Now that the campaign is behind Jay Inslee – along with his much-needed post-election Hawaiian vacation to recover from all his fundraising – someone in his administration will need to prepare a draft budget for upcoming legislative session. As in years past, the budget will be largely ignored by the Democrat-majority in the House, as well as the Majority Coalition Caucus in the Senate.
Despite the fact that the Inslee budget will likely bear little resemblance to what the legislature passes sometime next year (May, maybe, June possibly, or later), state law requires he submit one in December. Usually Jay doesn’t get very deep, and produce an actual budget, but rather just an outline of what he wants – like his capital gains income tax proposal that went nowhere in 2014.
Inslee’s budget-writing task is compounded this year by the state Supreme Court insisting that the legislature produce a complete public education funding plan before adjournment. It is also made harder by the secret negotiations he conducted with his million-dollar campaign donors at the state employees union earlier this year, which he might to fund.
It is against this background – with a state economy that has added several hundred million dollars to the state’s treasury in recent years – that Inslee must produce his budget. And that’s why the fight is beginning now.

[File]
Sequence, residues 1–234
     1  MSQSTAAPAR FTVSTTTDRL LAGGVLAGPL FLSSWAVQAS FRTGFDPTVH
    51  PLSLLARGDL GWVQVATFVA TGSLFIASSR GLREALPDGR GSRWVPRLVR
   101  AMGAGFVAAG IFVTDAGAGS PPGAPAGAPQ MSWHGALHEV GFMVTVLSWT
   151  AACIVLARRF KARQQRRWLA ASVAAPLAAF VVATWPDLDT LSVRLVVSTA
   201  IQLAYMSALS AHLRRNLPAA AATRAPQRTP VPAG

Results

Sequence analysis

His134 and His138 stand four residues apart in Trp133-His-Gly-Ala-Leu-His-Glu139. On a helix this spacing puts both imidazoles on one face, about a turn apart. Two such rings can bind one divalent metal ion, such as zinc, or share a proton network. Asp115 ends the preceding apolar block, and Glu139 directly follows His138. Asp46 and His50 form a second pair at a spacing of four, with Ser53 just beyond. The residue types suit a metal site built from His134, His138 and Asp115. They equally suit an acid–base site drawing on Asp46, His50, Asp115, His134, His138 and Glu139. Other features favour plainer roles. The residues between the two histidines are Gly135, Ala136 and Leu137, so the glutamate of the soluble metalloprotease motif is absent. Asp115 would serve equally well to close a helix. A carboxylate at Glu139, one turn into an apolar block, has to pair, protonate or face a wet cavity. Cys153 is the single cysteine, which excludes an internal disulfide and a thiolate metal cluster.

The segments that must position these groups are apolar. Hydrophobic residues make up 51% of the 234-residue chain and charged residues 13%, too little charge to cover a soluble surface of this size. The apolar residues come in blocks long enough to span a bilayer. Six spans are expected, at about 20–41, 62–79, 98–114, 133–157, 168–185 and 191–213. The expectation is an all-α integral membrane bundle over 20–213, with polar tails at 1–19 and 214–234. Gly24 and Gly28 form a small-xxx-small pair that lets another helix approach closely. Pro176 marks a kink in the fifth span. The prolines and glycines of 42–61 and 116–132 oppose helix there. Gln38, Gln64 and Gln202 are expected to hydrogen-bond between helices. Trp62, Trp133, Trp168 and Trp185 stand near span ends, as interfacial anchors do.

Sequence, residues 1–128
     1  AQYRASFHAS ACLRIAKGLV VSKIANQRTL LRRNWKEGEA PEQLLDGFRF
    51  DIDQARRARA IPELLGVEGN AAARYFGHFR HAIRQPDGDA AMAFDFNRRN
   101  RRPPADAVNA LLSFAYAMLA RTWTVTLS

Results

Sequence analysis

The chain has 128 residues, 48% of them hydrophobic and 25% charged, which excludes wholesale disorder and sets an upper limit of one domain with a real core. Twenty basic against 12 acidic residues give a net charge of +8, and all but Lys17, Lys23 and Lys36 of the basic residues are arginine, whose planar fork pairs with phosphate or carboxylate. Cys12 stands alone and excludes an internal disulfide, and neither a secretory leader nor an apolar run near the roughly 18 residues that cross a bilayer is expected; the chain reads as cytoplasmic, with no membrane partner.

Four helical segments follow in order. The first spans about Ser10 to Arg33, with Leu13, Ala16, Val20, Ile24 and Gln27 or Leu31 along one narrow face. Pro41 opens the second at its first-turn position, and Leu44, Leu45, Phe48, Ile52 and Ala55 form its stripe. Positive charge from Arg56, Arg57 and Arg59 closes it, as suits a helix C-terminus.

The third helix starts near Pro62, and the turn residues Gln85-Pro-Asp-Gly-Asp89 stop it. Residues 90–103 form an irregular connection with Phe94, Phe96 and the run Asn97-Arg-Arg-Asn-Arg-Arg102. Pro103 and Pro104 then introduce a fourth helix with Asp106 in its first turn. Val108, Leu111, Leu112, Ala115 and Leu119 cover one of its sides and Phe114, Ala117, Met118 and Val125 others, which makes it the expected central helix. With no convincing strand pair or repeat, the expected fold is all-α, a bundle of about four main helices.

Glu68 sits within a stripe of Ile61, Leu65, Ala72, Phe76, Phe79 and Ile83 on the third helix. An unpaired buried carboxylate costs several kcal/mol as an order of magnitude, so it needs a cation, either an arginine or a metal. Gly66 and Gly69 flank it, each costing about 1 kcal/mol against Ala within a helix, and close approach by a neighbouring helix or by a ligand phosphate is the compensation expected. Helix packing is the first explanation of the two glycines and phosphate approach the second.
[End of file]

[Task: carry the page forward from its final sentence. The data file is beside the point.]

Rather than wait for Inslee to roll out yet another document that doesn’t quite meet legal requirements, the Senate Republicans’ new lead Senate budget writer, Sen. John Braun, just sent a letter to the administration reminding them of their legal requirement to write a budget which uses current revenues to fund its priorities – and not new taxes to pay for Inslee’s big pay increases for state employees, which must be deemed “financially feasible” before inclusion in the budget.
Braun’s letters points this reality out bluntly:
“I respectfully request, as you undergo your assessment of whether the 2017-19 CBAs (Collective Bargaining Agreements) are financially feasible, that you please carry out your statutory duty as the law was intended. Only certify the CBAs if they can be funded within existing law and revenues without jeopardizing essential services to our most vulnerable. Submit a real budget that reflects the kind of thoughtful choices responsible public officials are called upon to make. Our taxpayers and most vulnerable deserve nothing less.”
The ball is now in Inslee’s court, as the budget draft is due in mid-December. Will he follow the law this year?